A Policy Win in an Election Loss

No Republicans won statewide office this year. That should have surprised no one, but you’d be surprised of the policy influence of just campaigning against the dominant political party. Here is a tale of a policy win in the wake of a similar across-the-board loss in 2012.

No Republicans even filed to run against Ted Wheeler when he was Oregon State Treasurer. No Republican filed to run for Attorney General that year either. The then Chair of the Oregon Republican Party, Allen Alley, recruited two men to run write-in campaigns in these two 2012 primaries so the ORP could at least have a nominee in each race. They were Tom Cox for Treasurer and James Buchal for AG.

I didn’t have a huge amount of time. I was managing a hedge fund back then, but I volunteered some time for Tom Cox’s campaign as a policy advisor.

The actual job of the Oregon Treasurer is fairly boring to even the most engaged political junkie. It’s often just a stepping stone for higher office. I searched hard for a significant issue for Cox to raise. He wanted to talk about PERS liability, a serious issue, but a policy area the Treasurer has little authority on. The biggest impact the Treasurer can have is to manage PERS’s investment assets as Chair of the Oregon Investment Council.

To my astonishment, I found a major issue to campaign on. In the asset allocation of Oregon’s investment portfolio, the large-cap asset class was actively managed. That is to say, Oregon needlessly paid hefty fees to people to pick stocks, when index funds would offer a higher rate of return. The discovery of the market’s efficiency, that trading prices reflect all publicly available knowledge, has earned several men the Nobel Prize in Economics: Harry Markowitz 1990, William Sharpe 1990, Eugene Fama (2013), and Robert Shiller (2013).

No doubt Ted Wheeler, who majored in economics at Stanford, earned his MBA from Columbia, and had a prior career in finance, was well aware that publicly traded stock markets are efficiently priced. But did he know the organization he led was wasting Oregon’s money like it was ignorant of basic financial economics?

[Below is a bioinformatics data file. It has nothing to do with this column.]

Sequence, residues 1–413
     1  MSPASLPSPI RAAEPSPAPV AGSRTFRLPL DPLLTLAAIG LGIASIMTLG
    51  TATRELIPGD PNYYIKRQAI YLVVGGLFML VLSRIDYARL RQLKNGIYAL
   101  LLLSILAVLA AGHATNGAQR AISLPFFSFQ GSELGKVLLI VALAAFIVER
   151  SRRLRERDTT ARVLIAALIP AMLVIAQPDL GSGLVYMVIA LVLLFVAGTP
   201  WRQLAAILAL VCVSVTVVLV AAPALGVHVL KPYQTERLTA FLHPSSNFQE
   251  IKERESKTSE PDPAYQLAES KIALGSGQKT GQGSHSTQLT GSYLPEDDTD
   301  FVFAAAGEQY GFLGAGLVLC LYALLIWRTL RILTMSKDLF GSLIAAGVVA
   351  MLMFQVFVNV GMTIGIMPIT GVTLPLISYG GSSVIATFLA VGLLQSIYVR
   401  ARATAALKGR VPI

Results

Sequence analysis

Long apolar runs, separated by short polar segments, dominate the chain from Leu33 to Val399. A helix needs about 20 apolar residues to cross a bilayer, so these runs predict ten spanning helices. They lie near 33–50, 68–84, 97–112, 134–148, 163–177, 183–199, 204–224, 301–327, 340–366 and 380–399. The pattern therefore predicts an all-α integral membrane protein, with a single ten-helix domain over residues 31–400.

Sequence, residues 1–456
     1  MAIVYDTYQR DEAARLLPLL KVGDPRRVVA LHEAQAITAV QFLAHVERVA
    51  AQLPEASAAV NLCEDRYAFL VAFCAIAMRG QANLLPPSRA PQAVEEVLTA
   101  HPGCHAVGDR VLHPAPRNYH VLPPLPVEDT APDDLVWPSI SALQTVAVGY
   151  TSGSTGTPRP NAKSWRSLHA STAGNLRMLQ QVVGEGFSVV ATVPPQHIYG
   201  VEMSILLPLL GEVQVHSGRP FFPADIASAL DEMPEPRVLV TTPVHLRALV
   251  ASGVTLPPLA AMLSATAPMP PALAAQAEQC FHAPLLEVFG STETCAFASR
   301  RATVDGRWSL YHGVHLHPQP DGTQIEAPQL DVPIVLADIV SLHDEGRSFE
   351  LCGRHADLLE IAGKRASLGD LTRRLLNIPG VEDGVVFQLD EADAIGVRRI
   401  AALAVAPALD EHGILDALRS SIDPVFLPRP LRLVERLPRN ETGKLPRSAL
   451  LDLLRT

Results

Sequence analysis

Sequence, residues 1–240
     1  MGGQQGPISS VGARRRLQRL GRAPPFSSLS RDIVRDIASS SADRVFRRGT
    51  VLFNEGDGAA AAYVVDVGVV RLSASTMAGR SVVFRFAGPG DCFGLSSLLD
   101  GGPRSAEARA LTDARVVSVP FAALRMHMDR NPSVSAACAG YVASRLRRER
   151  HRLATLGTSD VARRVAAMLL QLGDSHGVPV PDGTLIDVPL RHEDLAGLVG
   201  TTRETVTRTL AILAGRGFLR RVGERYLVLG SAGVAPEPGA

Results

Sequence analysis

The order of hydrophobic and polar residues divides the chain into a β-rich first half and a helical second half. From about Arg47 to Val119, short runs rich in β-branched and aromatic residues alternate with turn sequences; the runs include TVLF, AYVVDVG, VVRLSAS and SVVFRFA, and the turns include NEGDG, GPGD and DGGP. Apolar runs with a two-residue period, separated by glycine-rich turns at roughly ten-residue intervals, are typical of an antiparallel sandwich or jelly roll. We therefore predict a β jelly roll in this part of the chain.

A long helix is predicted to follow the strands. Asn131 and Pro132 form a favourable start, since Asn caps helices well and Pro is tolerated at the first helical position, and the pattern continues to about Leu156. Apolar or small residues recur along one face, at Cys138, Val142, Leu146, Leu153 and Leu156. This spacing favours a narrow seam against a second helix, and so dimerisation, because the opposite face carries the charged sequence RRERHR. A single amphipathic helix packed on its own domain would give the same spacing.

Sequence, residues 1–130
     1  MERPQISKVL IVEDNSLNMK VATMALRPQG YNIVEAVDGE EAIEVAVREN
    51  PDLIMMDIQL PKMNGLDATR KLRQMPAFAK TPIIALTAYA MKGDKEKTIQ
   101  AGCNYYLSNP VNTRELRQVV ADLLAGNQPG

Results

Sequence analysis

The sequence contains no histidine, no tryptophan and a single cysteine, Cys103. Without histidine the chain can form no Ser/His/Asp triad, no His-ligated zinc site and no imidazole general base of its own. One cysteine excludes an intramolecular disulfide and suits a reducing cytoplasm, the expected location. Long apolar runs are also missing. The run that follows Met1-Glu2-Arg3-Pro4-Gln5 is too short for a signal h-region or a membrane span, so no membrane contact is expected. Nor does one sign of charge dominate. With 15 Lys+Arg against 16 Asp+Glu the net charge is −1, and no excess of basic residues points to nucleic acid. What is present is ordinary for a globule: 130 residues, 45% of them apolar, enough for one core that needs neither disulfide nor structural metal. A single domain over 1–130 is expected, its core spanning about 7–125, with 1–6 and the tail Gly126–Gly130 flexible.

Their one debate was the place to find out. Cox raised this point very effectively, and for a moment, Wheeler was frozen like a deer in the proverbial headlights. To Wheeler’s credit, he eventually came up with a face-saving answer, an answer that was mostly true, but misleading. The incumbent Treasurer replied that the Oregon Investment Council has one of the highest rates of return among state pension funds. That is true, but it’s true only because the Oregon Investment Council has long owned more risky assets other states don’t, like private equity and a variety of other alternative asset classes. We would still have had even higher rates of return had we not been wasting money on management fees for publicly traded equity positions.

On election day, my candidate lost with 37% of the vote, slightly less than Jeff Gudman’s 42% this year. But here’s how he won. Soon after the election was over, the Oregon Treasury announce we will start indexing our state’s publicly traded equity, and we’ve been saving a lot of money ever since. A little policy research for a doomed campaign led to the biggest impact I’ve ever had on public policy in the Beaver State.

Eric Shierman lives in Salem and is also the author of We were winning when I was there.